Colombia and Venezuela are to launch a new anti-smuggling initiative in an attempt to crack down on the huge amounts of contraband crossing their border daily, but local corruption could well prevent any major progress.
Following a meeting between Venezuelan President Nicolas Maduro and his Colombian counterpart Juan Manuel Santos in Havana, Cuba, Maduro said the new strategy would come into force on February 6. "We are going to put the pincers into contraband and we are going to crush it, we are going to crush the mafias which control contraband," he said, reported Radio Santa Fe.
Between 30 and 40 percent of all products imported into Venezuela (which imports around 80 percent of all products consumed) were being smuggled into Colombia, claimed the president of its National Assembly, Diosdado Cabello.
Cabello said security forces in the border region would be strengthened and ordered to look for new ways to reduce contraband.
InSight Crime Analysis
Until more concrete details about specific measures emerge -- if they emerge -- it is difficult to make any predictions about the plan's likely success. But like many Venezuelan government announcements, this one appears to contain many words and little substance. Only six months ago Maduro announced a new "civic-military" task force would be created to patrol the border with the aim of stamping out smuggling, but little has changed.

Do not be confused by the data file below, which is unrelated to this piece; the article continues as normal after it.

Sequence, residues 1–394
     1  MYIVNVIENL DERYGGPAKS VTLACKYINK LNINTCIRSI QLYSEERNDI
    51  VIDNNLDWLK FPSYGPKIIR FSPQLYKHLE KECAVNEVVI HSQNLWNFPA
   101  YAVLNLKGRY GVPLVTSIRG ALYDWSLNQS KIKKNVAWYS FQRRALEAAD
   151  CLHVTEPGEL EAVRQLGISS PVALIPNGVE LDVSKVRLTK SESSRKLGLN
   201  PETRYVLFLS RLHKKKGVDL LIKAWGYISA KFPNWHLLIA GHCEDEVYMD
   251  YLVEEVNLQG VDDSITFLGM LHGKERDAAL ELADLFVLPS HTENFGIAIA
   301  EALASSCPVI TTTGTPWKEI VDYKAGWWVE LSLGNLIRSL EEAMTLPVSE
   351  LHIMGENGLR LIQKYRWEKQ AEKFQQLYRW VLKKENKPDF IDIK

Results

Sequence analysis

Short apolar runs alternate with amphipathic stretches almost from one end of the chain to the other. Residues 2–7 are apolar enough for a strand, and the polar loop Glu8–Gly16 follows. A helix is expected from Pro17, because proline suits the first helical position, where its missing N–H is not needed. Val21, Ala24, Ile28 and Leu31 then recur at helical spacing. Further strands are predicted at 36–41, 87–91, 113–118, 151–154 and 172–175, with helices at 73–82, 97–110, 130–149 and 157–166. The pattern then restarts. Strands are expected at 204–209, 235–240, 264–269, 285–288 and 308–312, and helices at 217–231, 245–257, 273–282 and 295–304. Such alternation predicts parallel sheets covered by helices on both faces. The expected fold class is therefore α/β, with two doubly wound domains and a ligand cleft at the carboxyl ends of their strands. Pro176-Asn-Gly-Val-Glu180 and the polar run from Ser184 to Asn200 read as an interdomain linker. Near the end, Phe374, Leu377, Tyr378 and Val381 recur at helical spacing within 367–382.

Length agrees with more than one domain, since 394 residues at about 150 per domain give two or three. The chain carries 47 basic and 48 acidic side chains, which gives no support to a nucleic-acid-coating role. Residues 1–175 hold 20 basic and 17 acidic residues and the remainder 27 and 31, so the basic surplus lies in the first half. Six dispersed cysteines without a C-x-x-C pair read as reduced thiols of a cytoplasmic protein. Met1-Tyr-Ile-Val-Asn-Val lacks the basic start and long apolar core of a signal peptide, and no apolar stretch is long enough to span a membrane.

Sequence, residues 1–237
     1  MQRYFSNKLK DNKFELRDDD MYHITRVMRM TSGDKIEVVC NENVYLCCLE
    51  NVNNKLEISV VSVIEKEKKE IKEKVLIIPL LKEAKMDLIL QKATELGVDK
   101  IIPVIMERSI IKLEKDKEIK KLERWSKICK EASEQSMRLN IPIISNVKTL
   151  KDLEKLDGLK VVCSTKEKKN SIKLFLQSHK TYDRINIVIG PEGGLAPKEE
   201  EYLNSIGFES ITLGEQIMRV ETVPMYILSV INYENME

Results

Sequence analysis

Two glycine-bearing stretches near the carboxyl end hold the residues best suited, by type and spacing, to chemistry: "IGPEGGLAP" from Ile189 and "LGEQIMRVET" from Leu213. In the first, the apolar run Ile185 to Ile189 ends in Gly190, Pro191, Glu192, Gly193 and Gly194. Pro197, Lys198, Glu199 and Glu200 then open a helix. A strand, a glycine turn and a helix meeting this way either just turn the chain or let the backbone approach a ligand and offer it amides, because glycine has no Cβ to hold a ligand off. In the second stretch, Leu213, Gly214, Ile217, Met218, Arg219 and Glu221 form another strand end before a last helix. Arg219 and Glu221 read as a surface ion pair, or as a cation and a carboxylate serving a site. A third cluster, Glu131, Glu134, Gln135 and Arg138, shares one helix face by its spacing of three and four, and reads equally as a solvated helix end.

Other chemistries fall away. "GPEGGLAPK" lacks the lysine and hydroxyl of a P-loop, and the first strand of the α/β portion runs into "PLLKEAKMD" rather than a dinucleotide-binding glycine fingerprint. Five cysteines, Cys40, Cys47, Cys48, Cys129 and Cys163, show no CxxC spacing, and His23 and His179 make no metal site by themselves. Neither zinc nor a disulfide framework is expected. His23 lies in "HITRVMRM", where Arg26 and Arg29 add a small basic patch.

What is certain is authorities will face serious challenges since roots of contraband run deep. There is widespread corruption of Venezuelan security forces and evidence of their direct participation in organized crime.
Corrupt cells of the Venezuelan military are long believed to have exchanged weapons for drugs with Colombian rebels in the border region, and they are now involved in major international drug trafficking operations. Meanwhile, corruption of regional security forces tasked with monitoring border crossings is also common. Such activities continue unhindered primarily due to the military's status as the government's primary powerbase.
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Moreover, the massive amount of contraband passing over the border each day -- gasoline and beef among the principal products, with the trade controlled by major Colombian criminal organizations -- is directly fueled by Venezuela's economic system. The government sets strict price controls on certain products, which combined with currency controls that have made the US dollar and Colombian peso immensely valuable on the black market, means goods can be purchased at absurdly cheap rates inside Venezuela and sold for huge profits in Colombia.